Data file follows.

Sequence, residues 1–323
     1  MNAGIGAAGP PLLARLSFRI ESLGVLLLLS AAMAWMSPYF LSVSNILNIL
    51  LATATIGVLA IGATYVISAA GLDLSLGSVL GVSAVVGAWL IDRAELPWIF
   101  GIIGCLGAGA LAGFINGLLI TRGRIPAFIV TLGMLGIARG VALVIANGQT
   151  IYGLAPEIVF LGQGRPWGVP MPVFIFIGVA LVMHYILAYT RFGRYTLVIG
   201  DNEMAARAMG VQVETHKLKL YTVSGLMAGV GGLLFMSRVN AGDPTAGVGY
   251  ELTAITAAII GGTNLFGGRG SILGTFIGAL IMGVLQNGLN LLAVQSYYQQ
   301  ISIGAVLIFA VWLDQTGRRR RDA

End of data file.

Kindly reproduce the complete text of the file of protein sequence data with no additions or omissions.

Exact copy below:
Sequence, residues 1–323
     1  MNAGIGAAGP PLLARLSFRI ESLGVLLLLS AAMAWMSPYF LSVSNILNIL
    51  LATATIGVLA IGATYVISAA GLDLSLGSVL GVSAVVGAWL IDRAELPWIF
   101  GIIGCLGAGA LAGFINGLLI TRGRIPAFIV TLGMLGIARG VALVIANGQT
   151  IYGLAPEIVF LGQGRPWGVP MPVFIFIGVA LVMHYILAYT RFGRYTLVIG
   201  DNEMAARAMG VQVETHKLKL YTVSGLMAGV GGLLFMSRVN AGDPTAGVGY
   251  ELTAITAAII GGTNLFGGRG SILGTFIGAL IMGVLQNGLN LLAVQSYYQQ
   301  ISIGAVLIFA VWLDQTGRRR RDA